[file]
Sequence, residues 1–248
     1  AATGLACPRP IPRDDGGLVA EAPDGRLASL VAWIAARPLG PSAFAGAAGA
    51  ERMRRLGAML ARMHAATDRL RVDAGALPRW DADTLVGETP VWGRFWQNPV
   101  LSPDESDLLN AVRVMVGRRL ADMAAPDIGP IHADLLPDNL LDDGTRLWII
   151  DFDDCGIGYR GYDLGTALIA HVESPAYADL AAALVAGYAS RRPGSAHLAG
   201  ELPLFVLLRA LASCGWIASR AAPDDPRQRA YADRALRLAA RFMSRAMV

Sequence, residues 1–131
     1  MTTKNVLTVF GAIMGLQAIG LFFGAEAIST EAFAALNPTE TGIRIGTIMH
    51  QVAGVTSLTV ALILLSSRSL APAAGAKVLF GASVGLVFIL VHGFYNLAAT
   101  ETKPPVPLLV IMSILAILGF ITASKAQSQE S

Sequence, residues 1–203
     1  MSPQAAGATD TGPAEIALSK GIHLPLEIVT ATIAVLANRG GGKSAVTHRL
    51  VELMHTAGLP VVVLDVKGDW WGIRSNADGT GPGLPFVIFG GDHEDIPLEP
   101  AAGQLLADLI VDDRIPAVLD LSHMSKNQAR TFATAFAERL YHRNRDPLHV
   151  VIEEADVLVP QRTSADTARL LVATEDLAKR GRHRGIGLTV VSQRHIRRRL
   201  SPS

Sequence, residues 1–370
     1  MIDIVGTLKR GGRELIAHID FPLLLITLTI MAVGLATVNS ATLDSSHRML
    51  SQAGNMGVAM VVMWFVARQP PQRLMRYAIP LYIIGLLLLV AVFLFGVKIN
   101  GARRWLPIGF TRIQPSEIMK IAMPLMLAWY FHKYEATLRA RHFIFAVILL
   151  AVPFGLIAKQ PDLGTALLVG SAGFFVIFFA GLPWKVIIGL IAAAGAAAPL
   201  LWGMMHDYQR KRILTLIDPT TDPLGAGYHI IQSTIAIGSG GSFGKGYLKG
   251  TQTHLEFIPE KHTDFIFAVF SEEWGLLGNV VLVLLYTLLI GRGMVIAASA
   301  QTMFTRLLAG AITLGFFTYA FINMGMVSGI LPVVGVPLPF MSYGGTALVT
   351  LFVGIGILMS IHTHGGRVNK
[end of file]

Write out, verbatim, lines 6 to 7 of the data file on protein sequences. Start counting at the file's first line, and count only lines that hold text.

   201  ELPLFVLLRA LASCGWIASR AAPDDPRQRA YADRALRLAA RFMSRAMV

Sequence, residues 1–131